Hey everyone! I’ll be hosting a live Facebook Event this Friday to reveal the cover of Losing Hold! I’m pretty psyched about the artwork—spoiler alert: it’s gorgeous—and in order to celebrate I decided to do something a little different and try a live Facebook Event!

What does that mean?
Well, Friday between 7-8pm (PST) I’ll be on my Facebook Event page posting things like what Losing Hold is about and the inspiration for the story, hosting a Q&A session with giveaways (that’s right, free stuff!), and of course, revealing the cover! Basically it’ll be a chance to ask me some questions and be entered to win one of the four giveaways prizes! Speaking of…

What are the Giveaway Prizes?
I’m going to give away two signed copies of Finding Hekate and two 30-page edits from Edit Revise Perfect. I’ll be picking four participants from Q&A at random to win the prizes, so be sure to ask a question to enter!

Here are the specifics one more time!
Friday, February 24th
7-8pm (PST)
On this Cover Reveal Facebook Event Page (be sure to select “Going” to get the notifications!)

I hope to see you there! *waves*
Warm regards,
Kellie

Writing Diagrams

Today I have decided to write about writing diagrams. Now, usually, I write these posts at least a few days in advance but, as this week has been a bit hectic, please forgive my spur-of-the-moment idiosyncrasies. There will be, however, pictures interesting to look at (if you like looking at picture examples is, in fact, interesting, of course) so I hope they make up for my (probably) crazy ramblings.

At a very young age I discovered the plot diagrams. I was searching the web for some interesting games to play and found this website – http://www.fictionpress.net. It was a marvelous discovery which allowed me to write and “publish” anything I wanted, create stories and spread my wings as a young writer. The users of the said website spoke very highly of a shape called the Plot Diagram (which I aptly named “The Hat Diagram” after I saw its basic shape) so I looked it up. Lo and behold this popped up:

It was pretty exciting for me because I’d never seen anything like it. So I used it, obsessively. Every story had to have an exposition, rising action, climax, falling action and resolution in exactly that order, regardless of what type of story it was. And, quite frankly, my writing became a tad bit boring because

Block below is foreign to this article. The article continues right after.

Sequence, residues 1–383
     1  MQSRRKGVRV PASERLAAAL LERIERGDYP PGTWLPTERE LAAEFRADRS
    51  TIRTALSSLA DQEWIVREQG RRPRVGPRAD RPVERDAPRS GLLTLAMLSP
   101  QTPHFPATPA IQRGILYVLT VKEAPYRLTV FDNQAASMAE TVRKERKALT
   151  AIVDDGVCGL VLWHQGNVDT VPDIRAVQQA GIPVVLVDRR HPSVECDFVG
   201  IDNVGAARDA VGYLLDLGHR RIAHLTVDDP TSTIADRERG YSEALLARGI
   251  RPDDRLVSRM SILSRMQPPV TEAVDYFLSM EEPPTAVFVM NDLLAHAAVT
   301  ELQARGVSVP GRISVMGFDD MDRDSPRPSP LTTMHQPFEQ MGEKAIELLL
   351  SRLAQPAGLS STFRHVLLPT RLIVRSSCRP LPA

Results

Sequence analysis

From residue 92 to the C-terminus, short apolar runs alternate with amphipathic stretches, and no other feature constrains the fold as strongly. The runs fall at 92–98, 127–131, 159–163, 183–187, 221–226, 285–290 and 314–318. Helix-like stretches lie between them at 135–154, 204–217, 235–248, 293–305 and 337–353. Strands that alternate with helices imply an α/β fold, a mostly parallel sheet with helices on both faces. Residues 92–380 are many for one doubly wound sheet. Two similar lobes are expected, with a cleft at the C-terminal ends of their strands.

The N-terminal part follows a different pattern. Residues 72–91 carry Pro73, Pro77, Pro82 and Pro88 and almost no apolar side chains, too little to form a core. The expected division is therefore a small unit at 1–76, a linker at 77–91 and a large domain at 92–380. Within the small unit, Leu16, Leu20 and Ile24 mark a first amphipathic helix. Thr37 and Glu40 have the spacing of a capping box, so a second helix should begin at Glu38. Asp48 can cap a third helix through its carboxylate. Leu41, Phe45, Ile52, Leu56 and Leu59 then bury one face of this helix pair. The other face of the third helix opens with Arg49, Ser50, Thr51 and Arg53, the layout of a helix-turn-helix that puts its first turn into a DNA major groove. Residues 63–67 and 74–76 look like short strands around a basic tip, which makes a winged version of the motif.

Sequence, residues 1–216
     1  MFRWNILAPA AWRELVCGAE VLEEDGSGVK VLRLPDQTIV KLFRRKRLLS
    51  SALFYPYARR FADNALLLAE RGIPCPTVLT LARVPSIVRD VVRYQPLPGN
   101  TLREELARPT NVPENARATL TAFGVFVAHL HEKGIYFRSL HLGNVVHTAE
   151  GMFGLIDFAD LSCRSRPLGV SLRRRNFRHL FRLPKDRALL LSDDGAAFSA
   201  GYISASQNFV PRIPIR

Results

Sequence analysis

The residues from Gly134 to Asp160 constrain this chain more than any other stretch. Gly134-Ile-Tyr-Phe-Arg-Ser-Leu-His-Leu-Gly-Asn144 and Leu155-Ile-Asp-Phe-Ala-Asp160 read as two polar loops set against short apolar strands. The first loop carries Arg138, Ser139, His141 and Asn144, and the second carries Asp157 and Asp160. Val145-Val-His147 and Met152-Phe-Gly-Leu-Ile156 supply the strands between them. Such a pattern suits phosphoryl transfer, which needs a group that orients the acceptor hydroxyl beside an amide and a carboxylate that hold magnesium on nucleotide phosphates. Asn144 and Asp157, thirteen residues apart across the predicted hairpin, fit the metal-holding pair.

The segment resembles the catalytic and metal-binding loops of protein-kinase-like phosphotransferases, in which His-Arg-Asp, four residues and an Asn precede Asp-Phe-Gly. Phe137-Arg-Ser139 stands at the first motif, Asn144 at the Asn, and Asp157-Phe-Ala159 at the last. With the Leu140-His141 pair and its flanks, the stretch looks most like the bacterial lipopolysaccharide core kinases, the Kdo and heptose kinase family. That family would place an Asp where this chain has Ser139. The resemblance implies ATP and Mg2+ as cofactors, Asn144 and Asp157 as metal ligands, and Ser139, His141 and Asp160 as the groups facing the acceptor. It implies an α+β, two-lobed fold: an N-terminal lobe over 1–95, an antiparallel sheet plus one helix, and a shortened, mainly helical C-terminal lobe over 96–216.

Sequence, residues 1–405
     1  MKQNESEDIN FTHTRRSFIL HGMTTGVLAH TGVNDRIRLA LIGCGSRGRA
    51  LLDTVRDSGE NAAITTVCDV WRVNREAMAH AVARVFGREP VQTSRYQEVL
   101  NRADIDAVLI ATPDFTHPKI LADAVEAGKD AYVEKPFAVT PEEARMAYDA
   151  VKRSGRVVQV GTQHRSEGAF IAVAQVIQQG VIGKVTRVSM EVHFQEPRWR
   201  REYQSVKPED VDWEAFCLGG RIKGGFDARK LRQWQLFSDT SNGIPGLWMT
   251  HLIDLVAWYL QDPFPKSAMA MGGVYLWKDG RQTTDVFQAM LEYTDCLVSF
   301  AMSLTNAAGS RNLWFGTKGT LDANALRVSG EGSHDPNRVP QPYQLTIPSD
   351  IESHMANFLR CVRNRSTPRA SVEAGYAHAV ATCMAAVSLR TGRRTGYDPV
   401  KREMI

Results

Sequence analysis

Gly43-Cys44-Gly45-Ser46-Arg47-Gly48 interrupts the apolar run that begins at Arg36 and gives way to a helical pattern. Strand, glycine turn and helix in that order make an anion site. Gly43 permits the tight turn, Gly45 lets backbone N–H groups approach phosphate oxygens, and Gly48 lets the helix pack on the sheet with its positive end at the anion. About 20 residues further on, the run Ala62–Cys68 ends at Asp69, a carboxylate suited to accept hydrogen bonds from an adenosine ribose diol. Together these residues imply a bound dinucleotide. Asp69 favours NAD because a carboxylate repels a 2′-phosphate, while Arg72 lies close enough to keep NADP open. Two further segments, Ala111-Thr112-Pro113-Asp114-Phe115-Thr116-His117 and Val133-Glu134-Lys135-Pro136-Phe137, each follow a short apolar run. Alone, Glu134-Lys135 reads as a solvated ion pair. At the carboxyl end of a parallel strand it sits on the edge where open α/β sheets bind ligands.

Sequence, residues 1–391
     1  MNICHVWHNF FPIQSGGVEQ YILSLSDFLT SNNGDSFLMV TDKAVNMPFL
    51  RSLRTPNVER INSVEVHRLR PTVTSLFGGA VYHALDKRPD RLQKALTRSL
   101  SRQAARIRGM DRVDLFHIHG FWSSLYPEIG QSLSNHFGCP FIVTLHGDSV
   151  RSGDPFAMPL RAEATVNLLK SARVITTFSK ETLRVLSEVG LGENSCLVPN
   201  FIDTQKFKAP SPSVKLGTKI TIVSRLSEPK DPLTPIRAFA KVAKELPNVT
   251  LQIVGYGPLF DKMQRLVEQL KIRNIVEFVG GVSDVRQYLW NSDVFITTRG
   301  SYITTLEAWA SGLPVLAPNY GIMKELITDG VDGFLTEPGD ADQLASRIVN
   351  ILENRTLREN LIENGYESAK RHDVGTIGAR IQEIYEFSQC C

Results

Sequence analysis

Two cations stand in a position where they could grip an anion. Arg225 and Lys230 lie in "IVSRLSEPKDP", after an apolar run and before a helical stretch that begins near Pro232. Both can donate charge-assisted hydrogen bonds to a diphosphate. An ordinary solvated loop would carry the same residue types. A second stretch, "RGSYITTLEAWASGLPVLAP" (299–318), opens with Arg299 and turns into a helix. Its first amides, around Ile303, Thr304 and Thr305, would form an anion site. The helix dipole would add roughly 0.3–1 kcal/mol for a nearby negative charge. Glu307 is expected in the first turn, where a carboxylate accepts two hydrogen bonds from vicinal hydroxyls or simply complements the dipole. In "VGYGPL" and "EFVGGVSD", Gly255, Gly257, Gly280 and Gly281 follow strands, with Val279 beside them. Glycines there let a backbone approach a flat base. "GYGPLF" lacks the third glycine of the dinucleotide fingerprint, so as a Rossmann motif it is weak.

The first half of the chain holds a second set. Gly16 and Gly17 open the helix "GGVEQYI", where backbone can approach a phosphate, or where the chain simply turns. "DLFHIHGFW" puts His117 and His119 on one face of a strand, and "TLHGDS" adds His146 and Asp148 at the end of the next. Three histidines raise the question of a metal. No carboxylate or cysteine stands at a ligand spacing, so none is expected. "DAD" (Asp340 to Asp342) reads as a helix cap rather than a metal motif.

of it. I had neglected to factor in the unique qualities of individual stories. Not every story has an exposition, sometimes the reader must be thrown into the action and the exposition comes later on, sometimes the reader sees the resolution first and then gets to piece together how it happened, and sometimes there is no climax at all, leaving the reader excited but forced to come up with their own twist. All in all, every story is different, heck, each genre is different. So the Hat Diagram, while useful, doesn’t help in every situation.

Back in my college years (only last year, mind you), I encountered another diagram. This one, or so the professor assured me, would be an important facet in writing short stories. I drew the diagram out and attempted to put it to good use. It was named the Inverted Check-Mark:

This diagram, said the professor, would help those rambling writers rein in their resolution which would, in turn, tighten up their short story. Yet, note how skewed this diagram is – the rising action takes up almost entirely the whole plot, hit the turning point, and poof as a writer and reader you’re pretty much done. It seemed odd to me at the time, but I gave my professor the benefit of the doubt and tried it. And again it helped for a while. But only a while. I, again, got stuck, a helpless turtle on its back unable to do anything except the same rocking motions back and forth, back and forth. I soon realized that short stories, like longer works, can start wherever the writer deems necessary, at the turning point, resolution, or even mid-rising action.

There are a dozen different devices aimed at helping writers develop their plots and, for the most part, I applaud them. They do help. If you ever get stuck, try one out and see what happens.

However, a caution to this tale of mine: In order to be unique one must break away from the usual and try something, well, unusual. Remember that. Don’t depend on diagrams. Don’t depend on anything except your ability to write and your creative muse.

(Except, of course, when your muse disappears, then write questionable stuff for a while until it returns… but that’ll be a different post.)

To sum it up: Diagrams are good. Don’t use them every time or you’ll end up like a turtle. Create something new.

I hope this helps someone out out there…

Warm regards,
Kellie